Four men, each with some form of prostate cancer, arrive at BCIT’s Burnaby campus in early January. None of the men know each other, but they will be working together with the Men’s Transition Program facilitators over the next three days.

Any initial trepidation and defensiveness quickly dissipates with the first tasks designed to help the guys uncover what really makes them proud. One of the attendees, Chris, describes it as helping to “get beyond men’s entrenched outlook of being invincible and emotionally bullet proof”.

“[Prior to this program] nobody had any idea what questions to ask, nor the skill to help me dig deep and get past a lifetime of being the ‘tough guy’ who has been there for so many people and completely unable to ask for help when I need it,” says Chris.

After debriefing the initial exercise, the group pushes to a deeper level of introspection. Each participant builds a timeline of their life’s key influence points. In examining their personal stories, the guys also unpack emotions that many have suppressed as part of maintaining the appearance of invulnerability – of being a ‘real man’.

The group members present their life timelines and, often for the first time, air fears, uncertainties, and insecurities. Tough as it is, the relief is palpable. Across the group, a burden is lifted from each of the men’s shoulders.

“We are not the odd man out that each of us thought we were. Now we have a common floor,” explains Chris.

From this point of connection, the group now begins to discuss the brutal reality of prostate cancer, and its impact on the quality of their lives and sense of mortality.

The discussion ranges from behaviours and attitudes by the medical system that were unhelpful at best, and damaging at worst. The men share experiences like being told that urgent intervention is needed, but then the biopsy is delayed two more months. Others feel misled about the time it takes to become continent again. All the men agree that the professional distance can make them feel like inanimate objects – just part of the daily repair routine.

They also discuss a few shining examples of medical staff going beyond the call of duty. They hope that these remarkable beacons might, in Patch Adams’ words, “spread like a brush fire through the medical community”.

The facilitators help the group navigate some of the men’s more suppressed fears: sexuality, inability to have an erection, difficulty in generating an orgasm, shame of incontinence, and some self-admitted ineptitude in being able to talk to their life partners about these collective fears.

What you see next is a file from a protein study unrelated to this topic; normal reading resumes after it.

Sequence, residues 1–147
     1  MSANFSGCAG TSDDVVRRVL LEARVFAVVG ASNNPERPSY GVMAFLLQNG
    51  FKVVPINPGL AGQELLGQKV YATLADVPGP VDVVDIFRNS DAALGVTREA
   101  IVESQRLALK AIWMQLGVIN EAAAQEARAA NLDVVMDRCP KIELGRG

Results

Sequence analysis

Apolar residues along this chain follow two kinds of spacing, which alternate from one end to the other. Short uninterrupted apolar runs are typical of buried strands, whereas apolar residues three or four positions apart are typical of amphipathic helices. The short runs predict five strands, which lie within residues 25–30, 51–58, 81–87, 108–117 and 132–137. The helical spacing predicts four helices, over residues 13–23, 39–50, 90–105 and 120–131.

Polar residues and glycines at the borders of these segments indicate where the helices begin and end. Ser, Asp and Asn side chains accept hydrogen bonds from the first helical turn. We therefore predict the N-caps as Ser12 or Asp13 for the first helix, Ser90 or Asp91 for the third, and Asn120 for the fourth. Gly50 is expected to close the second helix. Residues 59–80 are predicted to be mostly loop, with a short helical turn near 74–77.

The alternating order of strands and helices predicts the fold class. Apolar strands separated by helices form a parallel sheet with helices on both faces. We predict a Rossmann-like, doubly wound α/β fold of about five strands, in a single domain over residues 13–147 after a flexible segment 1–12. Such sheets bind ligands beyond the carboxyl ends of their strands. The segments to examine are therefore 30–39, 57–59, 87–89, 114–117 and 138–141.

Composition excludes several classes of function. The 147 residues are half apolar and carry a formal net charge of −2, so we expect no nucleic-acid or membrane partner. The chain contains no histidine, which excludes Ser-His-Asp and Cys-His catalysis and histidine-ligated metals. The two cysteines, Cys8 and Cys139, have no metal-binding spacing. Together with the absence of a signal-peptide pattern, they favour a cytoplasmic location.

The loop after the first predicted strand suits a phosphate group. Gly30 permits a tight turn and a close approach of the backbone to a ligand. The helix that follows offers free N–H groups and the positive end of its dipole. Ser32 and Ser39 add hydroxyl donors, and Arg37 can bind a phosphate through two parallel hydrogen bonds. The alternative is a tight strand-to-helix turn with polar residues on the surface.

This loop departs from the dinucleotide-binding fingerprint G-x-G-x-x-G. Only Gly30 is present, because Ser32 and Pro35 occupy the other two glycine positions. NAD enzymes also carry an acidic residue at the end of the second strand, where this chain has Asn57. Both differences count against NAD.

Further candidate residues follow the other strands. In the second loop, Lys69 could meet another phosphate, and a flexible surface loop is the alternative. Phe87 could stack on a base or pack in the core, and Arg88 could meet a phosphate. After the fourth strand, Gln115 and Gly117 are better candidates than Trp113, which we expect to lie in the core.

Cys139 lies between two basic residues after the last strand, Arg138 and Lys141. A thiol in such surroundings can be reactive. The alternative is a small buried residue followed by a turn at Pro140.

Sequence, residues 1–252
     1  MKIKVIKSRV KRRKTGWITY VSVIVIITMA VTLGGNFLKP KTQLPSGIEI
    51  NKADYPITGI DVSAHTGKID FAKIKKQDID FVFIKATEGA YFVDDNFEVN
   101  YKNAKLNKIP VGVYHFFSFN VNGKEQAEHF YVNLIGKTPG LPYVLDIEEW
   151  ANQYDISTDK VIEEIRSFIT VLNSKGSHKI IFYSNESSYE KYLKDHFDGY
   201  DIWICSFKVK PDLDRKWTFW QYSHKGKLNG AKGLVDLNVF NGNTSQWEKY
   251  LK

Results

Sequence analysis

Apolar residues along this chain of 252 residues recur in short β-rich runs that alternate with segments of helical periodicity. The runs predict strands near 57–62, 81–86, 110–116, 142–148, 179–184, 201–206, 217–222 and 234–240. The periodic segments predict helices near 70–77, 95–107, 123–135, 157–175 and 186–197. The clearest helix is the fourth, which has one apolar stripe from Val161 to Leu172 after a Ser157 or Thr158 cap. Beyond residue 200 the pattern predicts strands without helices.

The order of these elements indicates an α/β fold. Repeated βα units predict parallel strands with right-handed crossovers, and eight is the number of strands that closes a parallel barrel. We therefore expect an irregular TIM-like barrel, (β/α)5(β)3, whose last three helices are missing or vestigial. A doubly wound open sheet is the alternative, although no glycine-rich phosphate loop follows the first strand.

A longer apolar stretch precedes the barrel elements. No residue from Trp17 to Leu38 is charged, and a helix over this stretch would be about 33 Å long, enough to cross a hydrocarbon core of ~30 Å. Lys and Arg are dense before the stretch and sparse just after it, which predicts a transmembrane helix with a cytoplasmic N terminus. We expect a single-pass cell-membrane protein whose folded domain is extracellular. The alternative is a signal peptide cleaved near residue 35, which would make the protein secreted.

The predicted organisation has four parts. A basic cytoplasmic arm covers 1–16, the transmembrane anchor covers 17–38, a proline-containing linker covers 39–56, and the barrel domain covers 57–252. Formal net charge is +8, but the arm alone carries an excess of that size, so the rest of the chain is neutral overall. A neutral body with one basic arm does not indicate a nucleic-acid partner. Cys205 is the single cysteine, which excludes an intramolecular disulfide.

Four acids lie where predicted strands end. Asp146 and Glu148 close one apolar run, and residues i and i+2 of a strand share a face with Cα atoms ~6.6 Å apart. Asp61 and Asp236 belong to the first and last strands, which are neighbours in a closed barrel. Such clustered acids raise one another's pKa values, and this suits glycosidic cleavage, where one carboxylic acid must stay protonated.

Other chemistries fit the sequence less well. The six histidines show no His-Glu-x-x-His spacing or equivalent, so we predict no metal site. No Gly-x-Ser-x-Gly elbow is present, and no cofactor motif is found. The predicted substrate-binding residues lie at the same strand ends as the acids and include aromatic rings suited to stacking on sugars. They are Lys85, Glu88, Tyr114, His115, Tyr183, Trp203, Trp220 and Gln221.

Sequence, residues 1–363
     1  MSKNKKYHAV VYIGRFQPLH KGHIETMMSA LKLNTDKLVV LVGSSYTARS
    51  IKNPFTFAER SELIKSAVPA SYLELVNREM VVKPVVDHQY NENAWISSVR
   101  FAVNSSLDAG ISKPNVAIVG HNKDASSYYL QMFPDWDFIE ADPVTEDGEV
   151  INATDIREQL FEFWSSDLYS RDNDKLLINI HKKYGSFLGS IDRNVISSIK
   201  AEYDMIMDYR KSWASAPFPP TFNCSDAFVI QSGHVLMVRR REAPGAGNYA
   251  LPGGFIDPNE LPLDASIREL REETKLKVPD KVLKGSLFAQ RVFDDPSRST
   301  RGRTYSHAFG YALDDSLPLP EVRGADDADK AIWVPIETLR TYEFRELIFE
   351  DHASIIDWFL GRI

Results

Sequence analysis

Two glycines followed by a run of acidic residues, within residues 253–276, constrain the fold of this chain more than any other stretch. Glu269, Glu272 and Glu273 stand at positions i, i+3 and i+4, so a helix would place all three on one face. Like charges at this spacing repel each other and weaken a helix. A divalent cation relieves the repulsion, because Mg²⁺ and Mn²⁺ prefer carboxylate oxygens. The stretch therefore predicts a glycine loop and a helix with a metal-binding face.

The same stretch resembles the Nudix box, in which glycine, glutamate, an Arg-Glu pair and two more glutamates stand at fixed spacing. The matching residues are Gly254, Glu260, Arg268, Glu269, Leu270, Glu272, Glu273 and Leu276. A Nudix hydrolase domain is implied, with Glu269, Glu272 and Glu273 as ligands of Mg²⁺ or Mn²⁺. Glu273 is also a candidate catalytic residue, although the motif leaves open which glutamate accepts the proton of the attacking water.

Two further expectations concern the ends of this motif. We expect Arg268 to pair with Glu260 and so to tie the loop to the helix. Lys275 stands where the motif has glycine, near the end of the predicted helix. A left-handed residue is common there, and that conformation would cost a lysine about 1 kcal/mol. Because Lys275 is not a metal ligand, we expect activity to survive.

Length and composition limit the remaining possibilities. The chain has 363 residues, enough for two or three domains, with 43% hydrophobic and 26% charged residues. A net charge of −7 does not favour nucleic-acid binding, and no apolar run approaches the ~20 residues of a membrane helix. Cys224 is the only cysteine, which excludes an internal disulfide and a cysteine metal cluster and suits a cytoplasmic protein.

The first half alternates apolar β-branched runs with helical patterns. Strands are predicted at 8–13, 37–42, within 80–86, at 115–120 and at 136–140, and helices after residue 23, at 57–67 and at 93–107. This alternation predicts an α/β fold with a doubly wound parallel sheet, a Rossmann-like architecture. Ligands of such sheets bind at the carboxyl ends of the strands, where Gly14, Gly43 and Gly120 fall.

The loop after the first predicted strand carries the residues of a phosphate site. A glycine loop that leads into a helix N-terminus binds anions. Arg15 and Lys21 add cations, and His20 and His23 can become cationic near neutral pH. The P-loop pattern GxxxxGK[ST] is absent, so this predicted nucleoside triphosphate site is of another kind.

“Here we are, criticizing the individuals in health care about their distance from us while behaving the very same way to our life partners – what a wake-up call,” Chris admits ruefully.

The program facilitators act as guide and companion throughout the process. By creating a space for the men to safely consider, test, and try on new views of themselves, the facilitators work to bring each of the guys to a more constructive interpretation of their individual experiences that resonates with their personal reality.

“We could not have done this work without the trust and safe conditions created by our four facilitators… we emerged as whole people able to function at a far more effective level in our interpersonal interactions,” shares Chris.

Currently, the Movember-funded Men’s Transition Program is only offered to a select few as part of a pilot study. However, there is a growing need for regularly scheduled programming as finding information is not easy. There are few resources tailored to supporting men’s psychological experiences of cancer within the broader social context.

“On demographics alone, there is a silver tidal wave of confused, scared, and largely silent men who will be presenting themselves to urologists over the next 12 to 15 years,” Chris points out.

Chris is quick to add that if other men are hesitant about attending an upcoming session, not to delay, and to make every effort to attend.